Bond funds also come in many forms each seeking to find a different purpose and therefore buy and sell individual securities to meet their goals. Similarly to individual bonds, different bond funds have different risk factors and benefits such as tax benefits. Some popular bond funds include corporate, U.S. government, and municipal bond funds.

Since U.S. government bond funds are made up of securities backed by the creditworthiness of the U.S. government, they hold almost no credit risk. Nevertheless, they’re still affected by changes in market conditions, interest rates just like all other bonds, as well as inflation risks-not keeping pace with inflation specifically. U.S. government bonds are taxed at the federal level but are exempt from state level taxes. U.S. government bond funds typically appeal to conservative investors looking for steady income streams and solid protection of their principals.

Corporate bond funds aim to invest in a wide range of corporate issued bonds with different credit risks, on the other spectrum. Some companies can potentially have substantial credit risks while others have may have less. In addition, corporate bonds are influenced by interest rate and market risks. Needless to say, the potentially riskier a bond is can mean that it has potentially higher yields; therefore, these investments may be appropriate for investors that can tolerate a little more risk in search of higher interest income.

Municipal bond funds invest in a wide variety of bond issues of state government and municipalities. Municipal bonds are taxed at the state and local and are free from federal taxes. Because of their potential tax benefits, when compared to taxable securities, municipal bonds can be suitable for investors in high federal tax brackets. Municipal bonds are affected by interest rate and market risks also.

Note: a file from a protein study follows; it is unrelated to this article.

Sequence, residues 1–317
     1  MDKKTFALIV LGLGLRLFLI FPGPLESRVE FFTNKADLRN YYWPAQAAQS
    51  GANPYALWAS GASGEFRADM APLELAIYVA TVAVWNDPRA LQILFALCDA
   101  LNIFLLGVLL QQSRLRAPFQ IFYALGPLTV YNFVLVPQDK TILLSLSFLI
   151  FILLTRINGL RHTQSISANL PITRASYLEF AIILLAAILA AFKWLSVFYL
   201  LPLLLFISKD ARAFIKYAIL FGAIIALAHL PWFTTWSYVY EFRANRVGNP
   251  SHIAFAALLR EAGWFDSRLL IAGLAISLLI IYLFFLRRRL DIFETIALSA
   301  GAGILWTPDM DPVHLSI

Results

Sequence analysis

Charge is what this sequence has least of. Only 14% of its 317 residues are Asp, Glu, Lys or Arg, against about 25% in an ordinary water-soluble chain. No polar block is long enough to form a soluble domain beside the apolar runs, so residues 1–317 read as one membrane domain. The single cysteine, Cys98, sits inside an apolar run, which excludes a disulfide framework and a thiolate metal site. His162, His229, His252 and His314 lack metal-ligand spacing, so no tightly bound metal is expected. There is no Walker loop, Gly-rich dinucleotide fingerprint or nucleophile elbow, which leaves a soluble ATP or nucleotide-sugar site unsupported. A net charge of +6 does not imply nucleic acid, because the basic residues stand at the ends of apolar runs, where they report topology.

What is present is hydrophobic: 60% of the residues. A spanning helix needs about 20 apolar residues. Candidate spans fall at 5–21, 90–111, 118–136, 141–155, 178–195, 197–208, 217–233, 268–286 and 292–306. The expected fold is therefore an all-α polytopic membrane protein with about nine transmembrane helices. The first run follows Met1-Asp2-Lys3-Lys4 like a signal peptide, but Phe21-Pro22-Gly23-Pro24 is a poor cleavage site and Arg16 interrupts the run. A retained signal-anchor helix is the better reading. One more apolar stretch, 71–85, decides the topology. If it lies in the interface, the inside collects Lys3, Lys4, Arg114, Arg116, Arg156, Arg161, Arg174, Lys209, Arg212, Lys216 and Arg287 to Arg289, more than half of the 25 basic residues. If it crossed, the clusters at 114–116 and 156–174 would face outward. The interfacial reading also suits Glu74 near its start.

Try to match your bond maturities to your investment time frame. For instance, if you’re retired and you require to withdraw from your portfolio each yeah to meet your day-to-day expenses, buy bonds or bond funds with maturities of one year. In addition, depending on your portfolio you can invest portions of your portfolio in intermediate bonds say 5 to 10 year bonds and long-term bonds (10 years +), for higher interest rate payments.

Buy bonds or bond funds with average maturities that range across the maturity spectrum but with heavier concentration in shorter maturities.

The next risk is default, as I already mentioned. Yes it’s true that defaults aren’t very common… but the fact is the same, defaults can and do happen especially in periods of recession like we’re currently in right now in 2010.

Finally, many brokers simply do not specialize in municipal bonds and may steer you the wrong way. Check to see if your stockbroker has a specific musical bond department and if so only deal with them. If they do not, consider finding a company that specializes in municipal bonds just for the part of your portfolio.

Yes, there are risks in municipal bonds but the tax advantages and the higher yields will usually outweigh those risks. As with any investment opportunity, be sure to do your homework before you make an investment decision.